Women and the Affordable Care Act

Women and the Affordable Care Act

Women and the Affordable Care Act 150 150 Avalon Health Economics LLC

Women make about 80% of the health-care decisions for their families, utilize more health care than men, and are the more likely to be the care givers when a family member becomes sick. Females of all ages accounted for 60% of all expenses incurred at doctors’ offices in 2004. According to the Bureau of Labor Statistics, the labor force is becoming older and more female. What does all of this mean? It means that women need adequate knowledge and the tools to satisfy their multiple roles as decision makers and consumers of health care.

The Affordable Care Act (commonly referred to as ‘ACA’ or ‘Obamacare’) was signed into law by President Obama in March 2010. The ACA is the most substantial renovation of the country’s healthcare system since the passage of Medicare and Medicaid, and it requires U.S. citizens and legal residents to have health insurance.

Both supporters and adversaries of the ACA have targeted mothers in a surge of advertising, with over $500 million already spent. Most of that $500 million has been directed at women.

For all women, regardless of age, the ACA will provide unprecedented access to free preventative care. According to the Kaiser Family Foundation, some of the most notable facets of the ACA directed towards women are:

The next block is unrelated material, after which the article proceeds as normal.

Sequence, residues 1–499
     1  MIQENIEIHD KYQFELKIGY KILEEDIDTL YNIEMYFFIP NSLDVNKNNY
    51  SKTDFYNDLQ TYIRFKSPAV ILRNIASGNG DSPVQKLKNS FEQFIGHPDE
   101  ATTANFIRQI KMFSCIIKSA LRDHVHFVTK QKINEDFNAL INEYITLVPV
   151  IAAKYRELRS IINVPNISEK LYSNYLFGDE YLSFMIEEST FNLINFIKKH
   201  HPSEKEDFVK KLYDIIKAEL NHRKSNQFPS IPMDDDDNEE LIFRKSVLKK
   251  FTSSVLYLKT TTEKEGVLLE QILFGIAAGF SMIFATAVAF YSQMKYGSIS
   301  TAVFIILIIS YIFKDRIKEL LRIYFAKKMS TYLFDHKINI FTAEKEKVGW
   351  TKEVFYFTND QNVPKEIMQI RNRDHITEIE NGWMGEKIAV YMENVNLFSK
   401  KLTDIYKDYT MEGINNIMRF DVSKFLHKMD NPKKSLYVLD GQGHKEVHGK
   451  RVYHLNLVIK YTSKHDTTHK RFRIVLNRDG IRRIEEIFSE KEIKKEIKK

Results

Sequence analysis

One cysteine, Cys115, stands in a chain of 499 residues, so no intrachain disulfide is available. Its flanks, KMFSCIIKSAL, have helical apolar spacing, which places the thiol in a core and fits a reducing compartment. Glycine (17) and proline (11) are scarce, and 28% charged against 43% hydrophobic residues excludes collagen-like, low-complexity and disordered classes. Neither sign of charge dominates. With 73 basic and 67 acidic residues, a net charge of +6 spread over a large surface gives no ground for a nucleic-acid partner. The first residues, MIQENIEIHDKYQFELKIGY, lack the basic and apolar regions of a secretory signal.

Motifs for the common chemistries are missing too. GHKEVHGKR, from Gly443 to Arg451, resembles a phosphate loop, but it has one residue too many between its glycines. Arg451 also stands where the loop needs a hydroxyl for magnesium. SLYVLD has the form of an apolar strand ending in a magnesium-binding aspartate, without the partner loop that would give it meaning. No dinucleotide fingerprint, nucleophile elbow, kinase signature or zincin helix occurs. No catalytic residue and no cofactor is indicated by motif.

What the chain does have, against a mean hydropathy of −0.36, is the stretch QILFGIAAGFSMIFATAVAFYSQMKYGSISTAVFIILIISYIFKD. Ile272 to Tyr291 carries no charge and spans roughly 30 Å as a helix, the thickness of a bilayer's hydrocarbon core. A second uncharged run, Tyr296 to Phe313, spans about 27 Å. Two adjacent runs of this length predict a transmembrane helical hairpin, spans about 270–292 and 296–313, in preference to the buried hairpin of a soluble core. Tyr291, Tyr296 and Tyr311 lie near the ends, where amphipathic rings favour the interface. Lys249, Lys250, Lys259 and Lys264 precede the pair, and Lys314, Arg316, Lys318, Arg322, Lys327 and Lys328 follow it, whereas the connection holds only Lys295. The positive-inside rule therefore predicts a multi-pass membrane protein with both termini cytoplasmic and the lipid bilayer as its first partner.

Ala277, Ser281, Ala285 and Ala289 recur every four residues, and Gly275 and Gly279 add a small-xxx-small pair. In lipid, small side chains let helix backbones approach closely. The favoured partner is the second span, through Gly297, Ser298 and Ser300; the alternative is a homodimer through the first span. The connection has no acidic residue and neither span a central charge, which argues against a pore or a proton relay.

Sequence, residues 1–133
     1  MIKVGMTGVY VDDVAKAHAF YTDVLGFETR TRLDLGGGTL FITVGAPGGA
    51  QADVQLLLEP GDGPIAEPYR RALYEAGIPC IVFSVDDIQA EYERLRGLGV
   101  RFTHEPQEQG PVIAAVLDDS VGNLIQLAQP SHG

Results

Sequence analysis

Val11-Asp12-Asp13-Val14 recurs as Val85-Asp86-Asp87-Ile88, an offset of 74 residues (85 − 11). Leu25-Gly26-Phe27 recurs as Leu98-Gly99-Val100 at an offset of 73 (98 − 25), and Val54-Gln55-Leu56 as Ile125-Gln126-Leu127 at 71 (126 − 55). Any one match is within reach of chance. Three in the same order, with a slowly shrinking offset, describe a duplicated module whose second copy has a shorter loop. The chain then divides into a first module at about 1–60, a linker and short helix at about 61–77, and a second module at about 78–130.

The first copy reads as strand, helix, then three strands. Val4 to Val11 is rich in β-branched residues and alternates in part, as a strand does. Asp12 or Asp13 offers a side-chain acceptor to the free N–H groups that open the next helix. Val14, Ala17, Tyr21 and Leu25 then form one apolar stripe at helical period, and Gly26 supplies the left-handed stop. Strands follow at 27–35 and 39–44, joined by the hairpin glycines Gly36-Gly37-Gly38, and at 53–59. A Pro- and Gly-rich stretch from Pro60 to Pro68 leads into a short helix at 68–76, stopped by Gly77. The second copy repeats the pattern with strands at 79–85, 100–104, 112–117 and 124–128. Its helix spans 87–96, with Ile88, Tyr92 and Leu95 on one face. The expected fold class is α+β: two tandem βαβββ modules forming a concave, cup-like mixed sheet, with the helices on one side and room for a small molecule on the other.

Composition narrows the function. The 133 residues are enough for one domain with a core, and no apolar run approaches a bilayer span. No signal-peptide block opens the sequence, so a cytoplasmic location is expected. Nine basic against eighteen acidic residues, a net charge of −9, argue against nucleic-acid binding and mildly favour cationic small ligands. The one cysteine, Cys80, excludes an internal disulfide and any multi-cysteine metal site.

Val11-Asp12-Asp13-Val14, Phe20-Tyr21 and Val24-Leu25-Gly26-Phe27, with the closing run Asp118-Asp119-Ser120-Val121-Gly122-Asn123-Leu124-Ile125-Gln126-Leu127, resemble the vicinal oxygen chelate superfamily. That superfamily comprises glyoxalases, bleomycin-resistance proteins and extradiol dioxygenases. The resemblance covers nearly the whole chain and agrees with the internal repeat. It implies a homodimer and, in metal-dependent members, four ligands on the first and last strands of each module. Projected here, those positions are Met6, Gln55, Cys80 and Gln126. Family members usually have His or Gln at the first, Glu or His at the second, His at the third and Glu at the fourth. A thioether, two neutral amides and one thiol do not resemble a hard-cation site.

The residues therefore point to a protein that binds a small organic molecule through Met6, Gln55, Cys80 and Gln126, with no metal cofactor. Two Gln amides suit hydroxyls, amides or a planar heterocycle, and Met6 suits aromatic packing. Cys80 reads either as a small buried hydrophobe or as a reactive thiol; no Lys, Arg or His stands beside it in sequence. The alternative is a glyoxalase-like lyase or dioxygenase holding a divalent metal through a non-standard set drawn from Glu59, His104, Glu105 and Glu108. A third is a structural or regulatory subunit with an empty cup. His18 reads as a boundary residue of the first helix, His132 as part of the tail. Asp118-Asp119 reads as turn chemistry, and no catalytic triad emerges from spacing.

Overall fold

• Well-woman visits
  • screening for gestational diabetes
  • HIV screening and counseling for sexually transmitted infections
  • Contraception and family planning counseling
  • Domestic violence screening and counseling
  • HPV Testing
  • Breastfeeding supplies

An implication of the ACA is 47 million women will have guaranteed access to the aforementioned women’s preventive services with zero cost-sharing, which should in theory increase the utilization of those services (recall the basic downward sloping demand curve). By 2016, approximately 13.5 million women are expected to gain coverage.

Before the ACA was passed, technically there were no specific federal laws addressing sex discrimination in health care, but the ACA does two notable things affecting women. First, it explicitly bans insurance companies, health care providers, and health programs that receive federal funding from discrimination based on sex (as well as race, national origin, age, or disability). Second, it offers women—the primary health care decision makers in U.S. households– a menu of zero-cost services that they can pick from. This change has the potential to bring more preventative services into U.S. households, and that in turn has the potential to improve U.S. health care, which has already formed a strong basis for being a world leader in cancer preventative care (See related blog).

(Cara Scheibling, Associate Director)